Should a pregnant lesbian tell her husband she’s gay?

Dear Lipstick and Dipstick: I am a married 35-year-old woman and I’m as gay as they get. Long story short: I tried to be straight. I got married and then got pregnant and now, here I am, ready to pop. I love my husband with all my heart and could never imagine my life without him. He’s always there for me, but when it comes to sex and intimacy, that’s where it ends. What should I do? — Prego Peggy in Pasadena

Dipstick: You’re pregnant? E-ouch.

Lipstick: I hear it really hurts.

Get an epidural and then ask for a prescription for Xanax to help you deal with all of this afterwards.

Dipstick: Coming out right after you’ve had a baby isn’t great timing, but it’s not the worst we’ve heard. It’s a good thing you can’t imagine life without your husband, because no matter where the rest of your relationship goes, you two are now tied together for life. What you need to do, once you recover, and in between feedings and changing diapers, is to come up with a plan. Leave him and take the baby? Stay married, but work out an arrangement to see women on the side? No matter what you do, find a good coming out support group and a therapist. You’re going to need both!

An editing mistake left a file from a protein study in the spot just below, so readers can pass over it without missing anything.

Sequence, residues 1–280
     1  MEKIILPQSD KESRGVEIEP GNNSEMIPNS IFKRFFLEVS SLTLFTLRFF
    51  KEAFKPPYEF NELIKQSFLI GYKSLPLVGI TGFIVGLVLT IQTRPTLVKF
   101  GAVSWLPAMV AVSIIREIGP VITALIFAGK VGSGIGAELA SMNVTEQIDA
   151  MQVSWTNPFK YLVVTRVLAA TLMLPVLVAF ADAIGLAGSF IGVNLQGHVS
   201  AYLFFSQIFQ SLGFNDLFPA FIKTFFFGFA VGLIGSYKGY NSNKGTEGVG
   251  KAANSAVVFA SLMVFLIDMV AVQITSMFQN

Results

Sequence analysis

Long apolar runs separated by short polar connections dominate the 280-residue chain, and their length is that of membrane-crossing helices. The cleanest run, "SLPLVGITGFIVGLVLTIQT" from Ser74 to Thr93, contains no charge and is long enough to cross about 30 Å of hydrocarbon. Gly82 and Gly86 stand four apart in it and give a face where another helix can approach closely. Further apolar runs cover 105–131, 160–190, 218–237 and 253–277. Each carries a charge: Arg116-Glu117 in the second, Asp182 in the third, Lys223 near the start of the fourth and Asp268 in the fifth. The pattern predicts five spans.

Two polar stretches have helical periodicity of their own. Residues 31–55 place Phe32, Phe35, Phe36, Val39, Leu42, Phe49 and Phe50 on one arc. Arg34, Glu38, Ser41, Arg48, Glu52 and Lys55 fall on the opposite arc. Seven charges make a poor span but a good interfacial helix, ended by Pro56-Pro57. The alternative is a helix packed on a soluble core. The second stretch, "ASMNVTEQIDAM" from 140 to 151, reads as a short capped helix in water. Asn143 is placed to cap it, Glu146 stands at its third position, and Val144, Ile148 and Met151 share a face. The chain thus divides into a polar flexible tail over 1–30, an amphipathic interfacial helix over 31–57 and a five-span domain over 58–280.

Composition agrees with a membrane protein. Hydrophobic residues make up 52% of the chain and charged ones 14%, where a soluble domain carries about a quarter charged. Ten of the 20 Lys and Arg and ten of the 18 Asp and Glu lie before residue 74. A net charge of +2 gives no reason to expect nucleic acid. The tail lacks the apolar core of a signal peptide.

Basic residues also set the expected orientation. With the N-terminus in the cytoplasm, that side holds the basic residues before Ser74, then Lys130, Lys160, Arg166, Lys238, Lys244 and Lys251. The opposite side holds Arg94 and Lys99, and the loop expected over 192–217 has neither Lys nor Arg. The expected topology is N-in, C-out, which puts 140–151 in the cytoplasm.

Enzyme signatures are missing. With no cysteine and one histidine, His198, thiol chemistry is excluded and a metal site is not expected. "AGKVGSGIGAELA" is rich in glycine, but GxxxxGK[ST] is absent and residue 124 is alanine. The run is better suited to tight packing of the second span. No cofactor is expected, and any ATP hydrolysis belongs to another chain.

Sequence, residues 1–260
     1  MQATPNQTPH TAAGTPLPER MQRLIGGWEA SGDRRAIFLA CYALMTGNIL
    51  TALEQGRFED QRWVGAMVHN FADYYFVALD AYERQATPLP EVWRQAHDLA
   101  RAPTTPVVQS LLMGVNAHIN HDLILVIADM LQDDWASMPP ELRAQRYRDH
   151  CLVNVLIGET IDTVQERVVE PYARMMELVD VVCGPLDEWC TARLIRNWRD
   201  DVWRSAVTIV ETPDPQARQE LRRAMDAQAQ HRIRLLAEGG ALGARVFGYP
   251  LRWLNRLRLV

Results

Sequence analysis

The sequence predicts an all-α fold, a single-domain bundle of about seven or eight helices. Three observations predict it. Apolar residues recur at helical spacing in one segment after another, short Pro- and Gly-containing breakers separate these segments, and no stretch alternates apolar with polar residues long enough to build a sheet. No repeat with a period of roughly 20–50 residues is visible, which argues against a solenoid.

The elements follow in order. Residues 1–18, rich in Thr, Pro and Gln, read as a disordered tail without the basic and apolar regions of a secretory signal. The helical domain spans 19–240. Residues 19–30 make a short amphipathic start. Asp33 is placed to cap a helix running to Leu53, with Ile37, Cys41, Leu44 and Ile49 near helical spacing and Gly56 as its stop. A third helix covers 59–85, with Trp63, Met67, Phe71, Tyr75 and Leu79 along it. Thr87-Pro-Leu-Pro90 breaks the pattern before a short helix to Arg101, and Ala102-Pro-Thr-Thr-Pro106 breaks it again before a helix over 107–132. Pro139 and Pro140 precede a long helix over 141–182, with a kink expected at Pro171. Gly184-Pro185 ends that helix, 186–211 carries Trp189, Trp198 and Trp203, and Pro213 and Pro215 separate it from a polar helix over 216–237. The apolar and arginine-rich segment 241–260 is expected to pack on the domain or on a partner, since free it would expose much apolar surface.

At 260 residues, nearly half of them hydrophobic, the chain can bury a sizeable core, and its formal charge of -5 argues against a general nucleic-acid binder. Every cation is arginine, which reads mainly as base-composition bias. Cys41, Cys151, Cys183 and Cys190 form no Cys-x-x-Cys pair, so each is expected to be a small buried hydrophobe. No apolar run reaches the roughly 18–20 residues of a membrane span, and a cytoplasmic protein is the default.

Lipstick: You’re right, Dip—if ever there was a couple who needed therapy, these two are poster children. Prego pants, set a good example for your kid, even though she or he is young, by confessing everything to your husband (maybe wait until your hormones have balanced out). Right now, he is your life partner and honesty is the only way to go. (Be prepared: Even though he probably already suspects you want a slice of pie, he may well freak out, especially since you just had a child.) Then deal with the fallout. It won’t be easy, but living with this angst is harder. Be brave, forgive yourself and believe in who you are.

Dear Lipstick and Dipstick: Why does it seem like everyone in the lesbian community hates butch lesbians? Today, I had four people tell me: “If I wanted to date a man, I would.” I was shocked. I’m 100 per cent woman. Just ask my exes! One of these people actually told me I disgust her. What’s up with the hate? — Beat Up Butch